The Delaware State Chamber of Commerce hosted the event Creating a Door for Equal Opportunity: An Employer’s Role June 24, to discuss ways that black workers can be given equal opportunities in the workplace.
The event was led by Mike Quaranta, president of the DSCC. It also included guest speakers Dr. Stephanie Creary, a professor at the Wharton School of the University of Pennsylvania, and Dr. Tony Allen, president of Delaware State University.
Creary teaches a diversity course at the University of Pennsylvania, which has helped her create four important steps for leading conversations about race in the workplace. It is called the R.A.C.E. framework. Creary says that managers and employees often feel uncomfortable talking about race, so the first step is to reduce anxiety by talking about race anyway.
“I’ve learned that we have a very hard time even saying the word ‘race,’” Creary said.
Often, she said, people are taught to be “colorblind,” or say that they don’t see race. But Creary says that people who have this mindset actually tend to engage in more racial bias.
To reduce this anxiety, Creary recommends managers help employees feel less anxious and more efficacious about engaging in conversations related to race, equity and inclusion. Norms should be discussed prior to engaging in difficult conversations about race, she said.
The second step is to accept that anything related to race is either going to be visible or invisible. Creary said to think about what is both gained and lost when race is invisible or hyper-visible. Managers can help employees find the space in between the extremes of invisibility and hyper-visibility, which Creary says will normalize race as a dimension of diversity that is meaningful in the workplace.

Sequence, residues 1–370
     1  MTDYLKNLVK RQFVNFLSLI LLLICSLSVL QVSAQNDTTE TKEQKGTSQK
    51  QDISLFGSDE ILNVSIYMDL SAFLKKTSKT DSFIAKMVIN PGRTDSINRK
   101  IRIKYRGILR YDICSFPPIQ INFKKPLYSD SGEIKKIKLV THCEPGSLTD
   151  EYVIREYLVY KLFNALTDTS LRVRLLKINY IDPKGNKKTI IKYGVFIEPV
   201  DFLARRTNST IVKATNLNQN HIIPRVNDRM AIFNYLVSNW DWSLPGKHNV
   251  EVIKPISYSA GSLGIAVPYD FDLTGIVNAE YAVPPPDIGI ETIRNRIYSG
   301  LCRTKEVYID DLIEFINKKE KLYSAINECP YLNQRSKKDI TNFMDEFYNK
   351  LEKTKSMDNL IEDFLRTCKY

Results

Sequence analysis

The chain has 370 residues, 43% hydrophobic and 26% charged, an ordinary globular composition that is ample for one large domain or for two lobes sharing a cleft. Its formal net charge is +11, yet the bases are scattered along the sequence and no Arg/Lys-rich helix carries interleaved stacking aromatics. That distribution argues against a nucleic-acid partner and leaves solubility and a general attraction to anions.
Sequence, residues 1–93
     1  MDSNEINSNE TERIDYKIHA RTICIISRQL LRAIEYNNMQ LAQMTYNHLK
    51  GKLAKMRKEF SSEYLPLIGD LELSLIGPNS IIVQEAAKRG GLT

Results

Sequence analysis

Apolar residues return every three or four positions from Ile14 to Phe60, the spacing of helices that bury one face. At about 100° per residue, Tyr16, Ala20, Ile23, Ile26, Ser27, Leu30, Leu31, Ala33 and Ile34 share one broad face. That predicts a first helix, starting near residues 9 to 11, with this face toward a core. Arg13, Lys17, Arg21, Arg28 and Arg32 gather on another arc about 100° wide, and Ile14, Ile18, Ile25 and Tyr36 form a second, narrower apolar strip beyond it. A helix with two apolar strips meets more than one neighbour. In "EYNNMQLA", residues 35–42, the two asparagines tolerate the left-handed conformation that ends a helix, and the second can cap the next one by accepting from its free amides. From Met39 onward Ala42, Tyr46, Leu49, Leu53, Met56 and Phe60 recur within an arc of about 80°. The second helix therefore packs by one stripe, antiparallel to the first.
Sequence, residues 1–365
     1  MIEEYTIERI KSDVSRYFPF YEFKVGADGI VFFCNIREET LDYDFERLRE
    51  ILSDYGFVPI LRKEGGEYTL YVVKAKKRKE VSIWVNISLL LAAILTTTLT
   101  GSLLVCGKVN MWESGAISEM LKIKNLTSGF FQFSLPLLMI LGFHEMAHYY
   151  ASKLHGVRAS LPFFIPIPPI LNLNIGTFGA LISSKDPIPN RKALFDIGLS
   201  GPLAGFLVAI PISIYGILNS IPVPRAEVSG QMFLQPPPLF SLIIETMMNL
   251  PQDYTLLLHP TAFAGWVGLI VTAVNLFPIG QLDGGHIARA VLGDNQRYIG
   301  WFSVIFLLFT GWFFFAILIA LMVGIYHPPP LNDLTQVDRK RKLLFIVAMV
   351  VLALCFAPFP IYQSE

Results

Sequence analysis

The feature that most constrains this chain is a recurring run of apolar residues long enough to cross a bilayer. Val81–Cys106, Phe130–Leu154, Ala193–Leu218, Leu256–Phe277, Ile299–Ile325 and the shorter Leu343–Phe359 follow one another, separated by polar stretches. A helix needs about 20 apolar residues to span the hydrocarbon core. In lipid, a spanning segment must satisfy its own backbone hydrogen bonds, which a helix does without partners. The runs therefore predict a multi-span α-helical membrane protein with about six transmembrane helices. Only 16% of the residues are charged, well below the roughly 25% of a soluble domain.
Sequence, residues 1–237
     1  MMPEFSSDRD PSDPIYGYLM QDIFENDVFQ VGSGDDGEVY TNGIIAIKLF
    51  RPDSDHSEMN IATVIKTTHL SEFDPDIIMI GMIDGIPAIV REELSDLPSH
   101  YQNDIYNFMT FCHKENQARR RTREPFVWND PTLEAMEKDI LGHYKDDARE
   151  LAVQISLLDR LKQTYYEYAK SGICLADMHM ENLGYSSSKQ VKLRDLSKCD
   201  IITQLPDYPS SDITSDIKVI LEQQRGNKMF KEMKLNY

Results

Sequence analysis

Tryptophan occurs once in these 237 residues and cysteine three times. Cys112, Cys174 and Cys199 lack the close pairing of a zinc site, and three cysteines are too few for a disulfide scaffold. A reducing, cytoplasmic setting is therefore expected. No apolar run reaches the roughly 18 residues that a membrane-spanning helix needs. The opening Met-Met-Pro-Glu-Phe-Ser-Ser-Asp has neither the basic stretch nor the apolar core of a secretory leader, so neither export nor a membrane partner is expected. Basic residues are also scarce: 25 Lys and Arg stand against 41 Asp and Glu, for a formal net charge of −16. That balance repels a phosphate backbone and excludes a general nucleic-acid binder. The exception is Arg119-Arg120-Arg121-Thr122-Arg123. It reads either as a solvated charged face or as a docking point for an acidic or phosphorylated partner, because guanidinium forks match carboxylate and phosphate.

The third step is to call on internal and external allies for help. Creary says that black managers and employees are often seen as experts on race and diversity in the workplace, even though they might not be. Everyone needs to learn how to facilitate conversations about race, Creary says, which includes white employees and managers.
She says managers can cultivate an external network with a diverse set of both internal (other managers) and external (professors, former colleagues, clients) allies. They can then help employees do the same.
The last step is to expect that leaders will need to provide some “answers,” practical tools, skill-based frameworks, etc. Creary says managers can adapt publicly available resources to do so.
Dr. Tony Allen similarly offered four key points from activist and Milton native Bryan Stevenson. The first point is to get approximate. Allen says that this means getting closer to one another, especially “those who don’t look like us” or “come from the neighborhoods we don’t come from.” Getting approximate is a key step to recognizing the disparities that minority communities go through, Allen said.
The second is changing the narrative that creates policy problems. Allen says he believes it’s very important to have an honest conversation about narrative and storytelling.
“I think the hard conversations are pretty important. Especially for those who don’t tend to have those discussions,” Allen said.
Third is to stay hopeful. Allen says what he sees now is the racial and ethnic diversity of America standing against what they see as complete injustice, which should inspire hope. He also said hope can be powerful enough to bring about real change.
Last is to be uncomfortable. Allen says it’s not uncommon to make mistakes when having these difficult conversations, or to get mad at one another.
“On balance, I think all of that is OK. What’s not OK is silence,” Allen said.